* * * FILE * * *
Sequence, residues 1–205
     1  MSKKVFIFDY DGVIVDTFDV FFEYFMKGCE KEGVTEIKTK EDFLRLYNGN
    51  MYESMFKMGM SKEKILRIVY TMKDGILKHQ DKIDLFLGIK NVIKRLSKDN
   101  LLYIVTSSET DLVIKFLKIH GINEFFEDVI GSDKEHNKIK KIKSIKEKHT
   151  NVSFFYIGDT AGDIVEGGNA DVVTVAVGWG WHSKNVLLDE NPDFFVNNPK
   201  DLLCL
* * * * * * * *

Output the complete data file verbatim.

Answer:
Sequence, residues 1–205
     1  MSKKVFIFDY DGVIVDTFDV FFEYFMKGCE KEGVTEIKTK EDFLRLYNGN
    51  MYESMFKMGM SKEKILRIVY TMKDGILKHQ DKIDLFLGIK NVIKRLSKDN
   101  LLYIVTSSET DLVIKFLKIH GINEFFEDVI GSDKEHNKIK KIKSIKEKHT
   151  NVSFFYIGDT AGDIVEGGNA DVVTVAVGWG WHSKNVLLDE NPDFFVNNPK
   201  DLLCL